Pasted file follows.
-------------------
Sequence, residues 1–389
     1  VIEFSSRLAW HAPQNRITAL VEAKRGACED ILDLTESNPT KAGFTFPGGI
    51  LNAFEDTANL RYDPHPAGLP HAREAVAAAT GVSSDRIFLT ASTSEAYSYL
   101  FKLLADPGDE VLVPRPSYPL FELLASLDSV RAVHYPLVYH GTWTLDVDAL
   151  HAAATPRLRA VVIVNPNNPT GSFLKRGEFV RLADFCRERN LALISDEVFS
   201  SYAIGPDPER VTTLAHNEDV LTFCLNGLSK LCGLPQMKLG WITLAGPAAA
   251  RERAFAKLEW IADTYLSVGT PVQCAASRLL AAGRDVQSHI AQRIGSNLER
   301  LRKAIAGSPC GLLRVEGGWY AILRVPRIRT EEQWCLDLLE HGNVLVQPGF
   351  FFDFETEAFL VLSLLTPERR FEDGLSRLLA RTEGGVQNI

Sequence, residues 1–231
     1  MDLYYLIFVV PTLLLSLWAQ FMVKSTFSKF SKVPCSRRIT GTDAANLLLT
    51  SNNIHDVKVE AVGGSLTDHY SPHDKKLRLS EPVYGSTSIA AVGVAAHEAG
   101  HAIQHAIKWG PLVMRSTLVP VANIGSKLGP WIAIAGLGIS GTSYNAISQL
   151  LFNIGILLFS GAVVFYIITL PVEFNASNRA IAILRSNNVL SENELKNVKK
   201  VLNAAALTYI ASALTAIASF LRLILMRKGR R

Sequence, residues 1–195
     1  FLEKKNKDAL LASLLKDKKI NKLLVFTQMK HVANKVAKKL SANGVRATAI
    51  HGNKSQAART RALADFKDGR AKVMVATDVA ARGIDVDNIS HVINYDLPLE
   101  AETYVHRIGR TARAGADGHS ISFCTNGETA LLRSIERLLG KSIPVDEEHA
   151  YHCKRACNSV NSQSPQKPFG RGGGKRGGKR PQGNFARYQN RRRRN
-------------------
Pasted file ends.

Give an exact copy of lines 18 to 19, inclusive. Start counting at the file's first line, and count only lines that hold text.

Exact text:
    51  HGNKSQAART RALADFKDGR AKVMVATDVA ARGIDVDNIS HVINYDLPLE
   101  AETYVHRIGR TARAGADGHS ISFCTNGETA LLRSIERLLG KSIPVDEEHA